WION Web Team New Delhi
Aug 14, 2019, 03.22 PM
Since its accession, Balochistan has witnessed years of brutal crackdown and faced genocidal policies from Pakistan due to the rich resources.
Mass graves were found in Balochistan for the first time in 2014 in Turbat, and since then, every year the people of the region discovered similar graves in different areas, a report stated.
Independent investigations and international humanitarian organisations' access to the areas in question has been banned for 'security reasons'.
The enforced disappearances are an urgent issue in Balochistan. The Pakistani army and security forces have abducted and disappeared, at least 20,000 Baloch political and human rights activists since 2000. So far mutilated bodies of about 6000 of these victims have been discovered in different parts of Balochistan.
For several years political activists have accused Pakistan of taking away the resources and eliminating the people of Balochistan, the province with immense geo-strategic importance and huge untapped natural resource reserves.
Here's a brief history on the accession of Balochistan--
The Khan of Kalat, Mir Ahmad Yar Khan, declared the independence of Balochistan from Britain on August 12, 1947.
The newly independent region was again annexed by Pakistan in 1948. After the accession, the Pak army entered Balochistan on April 15.
Before joining with Pakistan on March 27, 1948, the Balochistan Parliament had rejected several proposals of merging with Pak between December 14, 1947 and February 25, 1948.
The Pak army attacked the residence of the Khan of Kalat on October 6, 1958. In the same month, several political leaders of the province were arrested including the Khan of Kalat.
Pakistan had also imposed Martial law in Balochistan in October 1958.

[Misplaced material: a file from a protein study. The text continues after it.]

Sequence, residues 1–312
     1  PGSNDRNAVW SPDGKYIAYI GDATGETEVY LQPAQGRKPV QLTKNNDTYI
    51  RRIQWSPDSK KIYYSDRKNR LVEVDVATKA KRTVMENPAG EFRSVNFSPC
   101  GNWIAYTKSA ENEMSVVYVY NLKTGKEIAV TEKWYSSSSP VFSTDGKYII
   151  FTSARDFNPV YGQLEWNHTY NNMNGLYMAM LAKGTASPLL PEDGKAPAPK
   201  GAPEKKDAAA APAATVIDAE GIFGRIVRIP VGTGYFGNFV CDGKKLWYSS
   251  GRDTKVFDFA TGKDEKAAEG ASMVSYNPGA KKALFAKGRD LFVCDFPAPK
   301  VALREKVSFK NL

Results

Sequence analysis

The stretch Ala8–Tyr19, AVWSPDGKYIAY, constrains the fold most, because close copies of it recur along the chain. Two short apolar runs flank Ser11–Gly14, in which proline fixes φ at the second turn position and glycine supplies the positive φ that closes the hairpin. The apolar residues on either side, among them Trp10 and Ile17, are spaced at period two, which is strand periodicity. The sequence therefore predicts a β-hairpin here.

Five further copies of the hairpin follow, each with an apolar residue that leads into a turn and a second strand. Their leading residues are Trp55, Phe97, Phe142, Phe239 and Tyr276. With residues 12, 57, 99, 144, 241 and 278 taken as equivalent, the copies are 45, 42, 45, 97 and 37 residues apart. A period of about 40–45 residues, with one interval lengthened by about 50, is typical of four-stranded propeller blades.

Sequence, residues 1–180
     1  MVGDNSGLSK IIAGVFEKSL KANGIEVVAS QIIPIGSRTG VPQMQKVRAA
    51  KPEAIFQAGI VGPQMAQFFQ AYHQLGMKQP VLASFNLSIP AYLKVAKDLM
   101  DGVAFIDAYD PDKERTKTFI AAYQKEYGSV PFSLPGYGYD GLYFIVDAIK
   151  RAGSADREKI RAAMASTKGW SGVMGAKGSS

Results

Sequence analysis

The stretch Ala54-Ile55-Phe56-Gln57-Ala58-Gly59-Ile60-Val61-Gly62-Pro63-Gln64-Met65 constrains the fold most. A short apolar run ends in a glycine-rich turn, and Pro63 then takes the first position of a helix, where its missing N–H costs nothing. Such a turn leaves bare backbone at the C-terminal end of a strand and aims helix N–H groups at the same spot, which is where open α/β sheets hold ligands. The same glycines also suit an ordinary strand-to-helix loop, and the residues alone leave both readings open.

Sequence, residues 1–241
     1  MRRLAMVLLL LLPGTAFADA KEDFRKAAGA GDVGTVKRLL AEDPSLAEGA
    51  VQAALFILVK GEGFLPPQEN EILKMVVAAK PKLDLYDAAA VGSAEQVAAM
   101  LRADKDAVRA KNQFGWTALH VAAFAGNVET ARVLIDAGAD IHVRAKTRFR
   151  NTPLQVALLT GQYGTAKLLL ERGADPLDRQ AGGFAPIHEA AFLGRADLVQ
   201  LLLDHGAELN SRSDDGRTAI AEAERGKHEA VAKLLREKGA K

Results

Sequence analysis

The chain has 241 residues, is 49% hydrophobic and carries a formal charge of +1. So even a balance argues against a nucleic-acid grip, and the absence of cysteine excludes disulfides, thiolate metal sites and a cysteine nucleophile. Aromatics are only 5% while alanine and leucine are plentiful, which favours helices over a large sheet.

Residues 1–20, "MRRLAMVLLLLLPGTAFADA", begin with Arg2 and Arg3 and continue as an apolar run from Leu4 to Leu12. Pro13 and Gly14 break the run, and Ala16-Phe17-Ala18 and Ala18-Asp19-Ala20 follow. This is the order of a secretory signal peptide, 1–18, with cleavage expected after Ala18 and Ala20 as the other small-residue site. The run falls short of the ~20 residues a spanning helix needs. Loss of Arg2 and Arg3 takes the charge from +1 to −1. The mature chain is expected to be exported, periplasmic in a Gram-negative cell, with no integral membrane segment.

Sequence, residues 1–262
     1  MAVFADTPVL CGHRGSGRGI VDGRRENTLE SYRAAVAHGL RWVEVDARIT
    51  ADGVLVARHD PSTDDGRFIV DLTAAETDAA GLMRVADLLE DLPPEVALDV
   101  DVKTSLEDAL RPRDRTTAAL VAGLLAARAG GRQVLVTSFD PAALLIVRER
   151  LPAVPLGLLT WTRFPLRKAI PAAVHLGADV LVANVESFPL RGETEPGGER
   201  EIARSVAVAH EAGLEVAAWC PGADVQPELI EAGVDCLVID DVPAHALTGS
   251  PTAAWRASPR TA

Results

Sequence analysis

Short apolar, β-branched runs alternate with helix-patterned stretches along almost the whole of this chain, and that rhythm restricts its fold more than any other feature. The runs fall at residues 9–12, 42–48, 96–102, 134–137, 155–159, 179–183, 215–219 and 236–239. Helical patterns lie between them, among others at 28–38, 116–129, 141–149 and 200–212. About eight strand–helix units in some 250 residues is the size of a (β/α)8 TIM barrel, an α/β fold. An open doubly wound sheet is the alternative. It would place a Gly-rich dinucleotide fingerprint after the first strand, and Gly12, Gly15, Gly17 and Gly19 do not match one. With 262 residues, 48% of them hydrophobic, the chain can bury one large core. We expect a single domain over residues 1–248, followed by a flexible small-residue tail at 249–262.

During the 1960s, protests led by Nawab and tribesmen erupted against the government in several parts of the region. Students also formed organisation and joined the protest movement against the Pakistan establishment by 1967.
The Balochi protest groups fought with the Pakistan government in 1967 and 1968. The clashes led to widespread oppression and fall of the Balochi rebels in 1969.
The government announced the formation of the province of Balochistan in July 1971 after elections. The region was later declared as a province with Mir Ghaus Bakhsh Bizenjo as the Governor.
With assistance from Iraq and Afghanistan, the rebels continued their fight against the Pakistan government which was being provided military support from the US, France and China.
The then prime minister Benazir Bhutto dismissed Governor Bizenjo and Provincial Assembly of Balochistan on February 12, 1973, and appointed a new governor Sardar Akbar Khan Bugti.
The clashes in the region led to the death of around 1,000 people.
(With inputs from agencies)
For several years political activists have accused Pakistan of taking away the resources and eliminating the people of Balochistan, the province with immense geo-strategic importance and huge untapped natural resource reserves